Tuesday, August 25, 2009

Discriminating Minds

I read with interest reports out of Idaho about the case of Pamela Lowe, the fired director of the Idaho Department of Transportation.

Lowe is seeking damages from the state, alleging improper termination and gender discrimination.

One of Lowe's complaints says that one board member stated, “no little girl would be able to run this department.”

The big issue, however, is that Lowe claims she was fired because she would not give in to pressure from political appointees to not cut contracts to certain campaign donors.

One report said that Lowe was terminated not because of her work at the agency, but because of her politics.

From an outsider's perspective, it appears that Lowe lost her job for two reasons. She refused to play ball with the politicos who wanted to make sure major campaign donors were encouraged to keep writing those checks.

Secondly, there were members of the board that governs Idaho DOT who were uncomfortable with a woman at the head of the agency.

Both of these reasons, of course, are bogus. It has become commonplace to find corruption in government. The headlines have become so common that we hardly notice. I was amazed at a recent scandal in New Jersey that even involved rabbis.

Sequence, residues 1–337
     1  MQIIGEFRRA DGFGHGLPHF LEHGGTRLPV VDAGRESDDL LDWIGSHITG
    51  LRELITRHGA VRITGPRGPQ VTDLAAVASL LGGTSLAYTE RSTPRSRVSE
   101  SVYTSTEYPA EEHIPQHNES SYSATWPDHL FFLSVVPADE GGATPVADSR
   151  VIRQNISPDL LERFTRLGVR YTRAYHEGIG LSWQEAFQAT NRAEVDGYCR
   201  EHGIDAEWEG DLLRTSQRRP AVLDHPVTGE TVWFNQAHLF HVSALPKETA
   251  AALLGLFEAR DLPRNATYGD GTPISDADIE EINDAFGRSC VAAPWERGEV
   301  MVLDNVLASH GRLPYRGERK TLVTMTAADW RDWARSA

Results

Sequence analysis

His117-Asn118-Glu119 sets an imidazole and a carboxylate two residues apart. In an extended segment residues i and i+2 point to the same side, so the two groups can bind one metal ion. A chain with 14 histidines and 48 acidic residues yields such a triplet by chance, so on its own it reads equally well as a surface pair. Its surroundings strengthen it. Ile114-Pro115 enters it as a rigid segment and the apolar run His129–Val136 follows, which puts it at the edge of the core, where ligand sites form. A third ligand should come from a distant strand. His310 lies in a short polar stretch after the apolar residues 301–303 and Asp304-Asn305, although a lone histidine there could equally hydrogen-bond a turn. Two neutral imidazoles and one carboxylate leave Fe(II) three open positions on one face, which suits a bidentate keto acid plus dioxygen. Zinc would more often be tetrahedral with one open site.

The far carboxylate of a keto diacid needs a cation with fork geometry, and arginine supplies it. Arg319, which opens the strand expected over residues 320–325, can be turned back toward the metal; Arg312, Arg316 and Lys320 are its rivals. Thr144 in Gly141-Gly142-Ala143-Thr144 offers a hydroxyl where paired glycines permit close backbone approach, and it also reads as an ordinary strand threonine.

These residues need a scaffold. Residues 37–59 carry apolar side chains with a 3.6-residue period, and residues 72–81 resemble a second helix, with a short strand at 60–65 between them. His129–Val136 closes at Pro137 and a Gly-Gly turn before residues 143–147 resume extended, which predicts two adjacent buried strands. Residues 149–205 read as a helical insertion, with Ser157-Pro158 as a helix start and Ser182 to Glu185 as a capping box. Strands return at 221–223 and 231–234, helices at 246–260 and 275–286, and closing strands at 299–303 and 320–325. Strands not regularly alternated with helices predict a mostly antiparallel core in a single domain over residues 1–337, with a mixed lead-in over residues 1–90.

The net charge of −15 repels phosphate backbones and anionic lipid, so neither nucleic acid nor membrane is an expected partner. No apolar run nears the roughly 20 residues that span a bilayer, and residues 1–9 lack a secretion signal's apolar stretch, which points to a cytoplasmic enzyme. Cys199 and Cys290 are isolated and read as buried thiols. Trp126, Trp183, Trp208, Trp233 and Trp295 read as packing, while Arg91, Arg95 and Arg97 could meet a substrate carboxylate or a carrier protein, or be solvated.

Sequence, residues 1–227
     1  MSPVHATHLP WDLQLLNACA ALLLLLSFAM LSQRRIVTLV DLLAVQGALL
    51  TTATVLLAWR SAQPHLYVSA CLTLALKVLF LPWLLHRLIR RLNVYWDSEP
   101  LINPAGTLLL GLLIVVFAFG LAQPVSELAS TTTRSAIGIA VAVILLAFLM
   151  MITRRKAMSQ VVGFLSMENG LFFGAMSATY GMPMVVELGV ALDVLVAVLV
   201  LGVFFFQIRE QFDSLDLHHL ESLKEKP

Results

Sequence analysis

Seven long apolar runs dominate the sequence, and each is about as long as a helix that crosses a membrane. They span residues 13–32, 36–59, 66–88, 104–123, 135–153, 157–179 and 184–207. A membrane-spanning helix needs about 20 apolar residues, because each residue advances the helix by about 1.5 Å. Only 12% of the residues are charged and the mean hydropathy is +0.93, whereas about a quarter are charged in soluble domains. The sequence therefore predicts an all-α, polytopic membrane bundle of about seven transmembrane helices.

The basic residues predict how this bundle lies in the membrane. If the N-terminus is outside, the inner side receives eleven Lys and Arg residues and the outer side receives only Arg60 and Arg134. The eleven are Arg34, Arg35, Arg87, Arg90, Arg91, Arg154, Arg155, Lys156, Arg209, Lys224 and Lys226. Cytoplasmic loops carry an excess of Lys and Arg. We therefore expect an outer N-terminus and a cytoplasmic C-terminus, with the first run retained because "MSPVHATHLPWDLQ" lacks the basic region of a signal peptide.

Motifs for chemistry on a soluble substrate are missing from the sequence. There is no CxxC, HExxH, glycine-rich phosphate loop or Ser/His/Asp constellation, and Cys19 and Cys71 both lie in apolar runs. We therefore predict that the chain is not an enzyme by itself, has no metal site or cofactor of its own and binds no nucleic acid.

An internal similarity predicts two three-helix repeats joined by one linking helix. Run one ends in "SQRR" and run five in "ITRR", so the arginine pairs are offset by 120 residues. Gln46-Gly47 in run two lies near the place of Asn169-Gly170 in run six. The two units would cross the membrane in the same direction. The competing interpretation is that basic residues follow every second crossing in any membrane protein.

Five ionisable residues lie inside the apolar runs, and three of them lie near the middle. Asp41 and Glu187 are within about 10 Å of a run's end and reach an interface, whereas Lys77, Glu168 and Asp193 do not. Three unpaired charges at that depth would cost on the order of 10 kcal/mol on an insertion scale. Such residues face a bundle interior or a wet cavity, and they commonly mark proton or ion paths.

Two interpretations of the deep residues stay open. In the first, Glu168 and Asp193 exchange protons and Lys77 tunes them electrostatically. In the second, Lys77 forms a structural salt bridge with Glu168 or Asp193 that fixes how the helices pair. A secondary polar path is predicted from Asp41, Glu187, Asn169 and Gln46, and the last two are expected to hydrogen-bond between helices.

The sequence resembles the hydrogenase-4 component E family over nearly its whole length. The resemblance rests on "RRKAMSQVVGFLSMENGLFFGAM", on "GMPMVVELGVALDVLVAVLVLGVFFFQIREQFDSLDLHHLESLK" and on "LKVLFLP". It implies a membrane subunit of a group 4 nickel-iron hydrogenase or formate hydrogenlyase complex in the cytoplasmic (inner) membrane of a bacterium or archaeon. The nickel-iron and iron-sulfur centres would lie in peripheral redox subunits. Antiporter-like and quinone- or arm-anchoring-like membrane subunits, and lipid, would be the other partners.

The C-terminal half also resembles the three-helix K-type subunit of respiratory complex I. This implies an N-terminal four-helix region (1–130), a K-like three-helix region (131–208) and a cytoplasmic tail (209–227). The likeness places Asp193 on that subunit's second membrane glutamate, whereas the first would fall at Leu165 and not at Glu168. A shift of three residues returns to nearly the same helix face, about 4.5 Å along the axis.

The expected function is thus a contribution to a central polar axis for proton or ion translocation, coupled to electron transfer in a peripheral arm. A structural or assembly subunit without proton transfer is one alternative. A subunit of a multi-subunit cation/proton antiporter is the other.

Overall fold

Now comes Pamela Lowe who loses her job at Idaho DOT not because of her job performance, but because she has the integrity to tell political appointees she will not cater to campaign donors.

The Idaho power elite should be ashamed. But they are not. I have been around this game long enough to know that people in power often have their own ethical standards and many hold on to discriminatory practices thought long abandoned.

Though it was, I believe, a secondary element in her firing, the fact that Pamela Lowe is a female should not have had one iota to do with how she was evaluated as a leader.

Discrimination against women and minorities is a stain on our culture. We would like to think we have moved past these archaic mentalities but the reality is we have not.

Discrimination is an ugly thing and whenever it rears its head, even in places like Idaho, more enlightened people should stand up and tell the power elite that it will not stand.

I do not expect to see it happen.

David Fierro is a transportation public relations consultant. He is a former newspaper and magazine editor and worked for both the Florida and Virginia departments of transportation. He resides in Sanford, Florida.

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